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The background to the Human Trafficking Inquiry

What is human trafficking?

Human trafficking is modern day slavery, is a growing organised and lucrative crime, and above all else, is a gross violation of a person’s dignity and human rights.

It is rooted in inequality particularly global inequities, poverty, as well as gender, racial, age and disability inequalities. It is the underbelly of globalisation inverting the free movement of people and of free markets.

Trafficking in persons is hidden with victims, especially girls and women, suffering exploitation at the margins of society such as in private ‘sex’ flats, sweatshop factories, coerced criminality, and domestic service.

There is now international consensus across the United Nations, the European Union, and the Council of Europe, on a criminal definition of human trafficking. This comprises three elements, which are the:

  • Act of recruitment, transporting, transferring, harbouring or receiving a person(s); by
  • Means of exploitation including coercion, abduction, fraud, deception, the abuse of power or vulnerability or giving or receiving payments or benefits to get the consent of a person having control over another person (this element is not needed to establish trafficking of persons under 18); and for the
  • Purpose of exploitation including at least the exploitation of the prostitution of others or other forms of sexual exploitation, forced labour or services, slavery or practices similar to slavery, servitude, or the removal of organs.

There has been significant work against trafficking in the United Kingdom in the last decade including the introduction of criminal offences on human trafficking, the implementation of the Council of Europe’s Trafficking Convention, the creation of the UK Human Trafficking Centre, and three UK-Scottish Government action plans.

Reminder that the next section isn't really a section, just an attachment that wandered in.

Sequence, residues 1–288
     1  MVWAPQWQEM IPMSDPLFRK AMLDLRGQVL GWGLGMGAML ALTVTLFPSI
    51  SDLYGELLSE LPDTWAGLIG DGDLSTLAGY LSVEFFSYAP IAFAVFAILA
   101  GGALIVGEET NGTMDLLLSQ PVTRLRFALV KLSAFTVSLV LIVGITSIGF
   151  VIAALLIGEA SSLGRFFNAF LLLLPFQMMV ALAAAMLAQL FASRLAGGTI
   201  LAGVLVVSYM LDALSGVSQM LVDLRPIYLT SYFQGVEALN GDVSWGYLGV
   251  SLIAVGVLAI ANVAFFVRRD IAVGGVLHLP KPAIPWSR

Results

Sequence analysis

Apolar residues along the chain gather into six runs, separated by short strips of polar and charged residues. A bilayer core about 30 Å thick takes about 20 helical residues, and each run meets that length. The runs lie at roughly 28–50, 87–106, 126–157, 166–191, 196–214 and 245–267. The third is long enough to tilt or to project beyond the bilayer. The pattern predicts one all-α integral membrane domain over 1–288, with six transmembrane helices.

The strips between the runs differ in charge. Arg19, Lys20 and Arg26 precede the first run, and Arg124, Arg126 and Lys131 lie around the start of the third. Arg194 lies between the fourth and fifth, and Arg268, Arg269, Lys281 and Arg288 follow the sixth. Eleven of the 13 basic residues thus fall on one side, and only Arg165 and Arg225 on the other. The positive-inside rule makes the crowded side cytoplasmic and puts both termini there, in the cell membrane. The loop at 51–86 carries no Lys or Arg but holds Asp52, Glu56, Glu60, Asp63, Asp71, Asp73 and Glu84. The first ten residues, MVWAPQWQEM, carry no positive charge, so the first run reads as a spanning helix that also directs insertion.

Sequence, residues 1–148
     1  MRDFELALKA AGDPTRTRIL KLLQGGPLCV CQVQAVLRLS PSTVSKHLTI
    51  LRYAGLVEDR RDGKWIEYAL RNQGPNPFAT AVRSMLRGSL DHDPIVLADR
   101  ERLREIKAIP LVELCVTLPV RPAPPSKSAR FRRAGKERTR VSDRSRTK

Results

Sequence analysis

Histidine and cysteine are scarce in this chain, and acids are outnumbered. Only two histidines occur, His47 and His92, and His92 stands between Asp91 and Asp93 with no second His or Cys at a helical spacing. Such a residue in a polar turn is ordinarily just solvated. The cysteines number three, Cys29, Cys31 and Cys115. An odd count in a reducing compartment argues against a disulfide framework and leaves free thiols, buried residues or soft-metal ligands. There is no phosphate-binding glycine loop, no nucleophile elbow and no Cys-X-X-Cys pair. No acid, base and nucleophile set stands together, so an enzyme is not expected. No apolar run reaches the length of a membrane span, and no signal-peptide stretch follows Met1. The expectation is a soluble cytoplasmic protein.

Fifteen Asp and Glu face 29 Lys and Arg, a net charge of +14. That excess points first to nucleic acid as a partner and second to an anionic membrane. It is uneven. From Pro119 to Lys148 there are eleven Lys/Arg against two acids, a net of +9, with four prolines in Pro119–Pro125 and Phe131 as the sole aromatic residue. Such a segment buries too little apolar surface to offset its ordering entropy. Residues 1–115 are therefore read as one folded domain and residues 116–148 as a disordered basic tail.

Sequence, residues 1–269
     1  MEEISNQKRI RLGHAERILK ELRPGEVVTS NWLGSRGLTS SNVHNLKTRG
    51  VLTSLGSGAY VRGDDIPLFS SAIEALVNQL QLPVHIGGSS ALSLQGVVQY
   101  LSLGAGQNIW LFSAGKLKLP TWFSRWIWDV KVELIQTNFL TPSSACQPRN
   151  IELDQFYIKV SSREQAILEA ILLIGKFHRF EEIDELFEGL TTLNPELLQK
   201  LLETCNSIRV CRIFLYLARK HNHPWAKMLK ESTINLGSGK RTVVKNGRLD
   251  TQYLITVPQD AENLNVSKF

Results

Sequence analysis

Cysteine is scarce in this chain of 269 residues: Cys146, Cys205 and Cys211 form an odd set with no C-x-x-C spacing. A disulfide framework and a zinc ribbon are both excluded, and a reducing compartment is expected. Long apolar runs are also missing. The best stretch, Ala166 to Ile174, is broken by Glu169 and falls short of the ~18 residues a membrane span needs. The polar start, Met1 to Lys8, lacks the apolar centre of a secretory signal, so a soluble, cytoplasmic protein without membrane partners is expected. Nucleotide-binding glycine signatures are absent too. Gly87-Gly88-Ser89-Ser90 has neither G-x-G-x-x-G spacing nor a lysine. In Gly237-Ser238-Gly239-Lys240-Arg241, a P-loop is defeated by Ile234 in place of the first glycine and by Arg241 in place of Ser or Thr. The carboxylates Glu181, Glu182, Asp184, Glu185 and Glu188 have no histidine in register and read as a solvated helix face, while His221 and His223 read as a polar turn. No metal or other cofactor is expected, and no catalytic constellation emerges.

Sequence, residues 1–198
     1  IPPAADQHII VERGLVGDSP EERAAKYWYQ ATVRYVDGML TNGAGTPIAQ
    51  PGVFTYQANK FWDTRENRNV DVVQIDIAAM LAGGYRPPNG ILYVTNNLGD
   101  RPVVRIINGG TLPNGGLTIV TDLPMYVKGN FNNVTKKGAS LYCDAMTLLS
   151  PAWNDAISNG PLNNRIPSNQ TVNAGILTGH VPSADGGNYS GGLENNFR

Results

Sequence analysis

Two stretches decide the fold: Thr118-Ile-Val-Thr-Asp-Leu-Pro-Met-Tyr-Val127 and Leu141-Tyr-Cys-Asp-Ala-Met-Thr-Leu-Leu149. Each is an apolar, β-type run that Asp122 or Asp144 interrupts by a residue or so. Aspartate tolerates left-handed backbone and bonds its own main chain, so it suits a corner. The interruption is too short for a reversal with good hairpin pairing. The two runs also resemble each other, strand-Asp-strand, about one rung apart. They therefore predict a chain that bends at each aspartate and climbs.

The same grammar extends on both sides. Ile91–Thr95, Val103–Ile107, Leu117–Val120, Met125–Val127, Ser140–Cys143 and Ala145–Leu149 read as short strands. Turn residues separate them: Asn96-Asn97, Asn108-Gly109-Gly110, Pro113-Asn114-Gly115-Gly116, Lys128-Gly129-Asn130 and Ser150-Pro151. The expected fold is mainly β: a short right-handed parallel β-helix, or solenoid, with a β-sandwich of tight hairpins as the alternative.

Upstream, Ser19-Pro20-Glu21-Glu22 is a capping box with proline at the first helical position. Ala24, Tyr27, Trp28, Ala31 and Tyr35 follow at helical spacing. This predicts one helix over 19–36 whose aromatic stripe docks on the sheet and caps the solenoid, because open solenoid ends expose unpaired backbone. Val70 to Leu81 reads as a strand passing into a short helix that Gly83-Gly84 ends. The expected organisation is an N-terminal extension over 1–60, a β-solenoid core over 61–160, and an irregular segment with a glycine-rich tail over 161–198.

Overview of the Inquiry

Scotland is not immune to trafficking. Whilst we do not yet fully understand its nature and may never know its precise extent,  Scottish institutions and UK bodies based here must be equipped to deal with it.

The Inquiry aimed to identify the nature and estimate the extent of human trafficking, understand its underlying influences and causes, as well as learn how and where policy and practice needs to improve.

Specifically the Inquiry considered the situation in Scotland by drawing on the core international anti-trafficking obligations that require action in the following areas:

  • Preventing human trafficking;
  • Criminalising the many acts in the definition of human trafficking;
  • Investigating and prosecuting human traffickers;
  • Protecting and facilitating the recovery of trafficking victims;
  • Cooperation between States and agencies against trafficking; and
  • Monitoring the trends and patterns relating to human trafficking.

Whilst the Inquiry had some focus on trafficking into commercial sexual exploitation, it gave due attention to other trafficking purposes, such as forced labour and domestic servitude, as well as cases when a victim suffered multiple forms of exploitation.

We took a particular interest in policy and practice against human trafficking in Scotland in the areas of asylum, law investigation and enforcement, and in services and accommodation for the victims of human trafficking.

The Inquiry took evidence from a range of parties, including victims, organisations with responsibilities against human trafficking in Scotland, and from a range of bodies in the public and private sectors, as well from civil society.

Last updated: 14 Apr 2016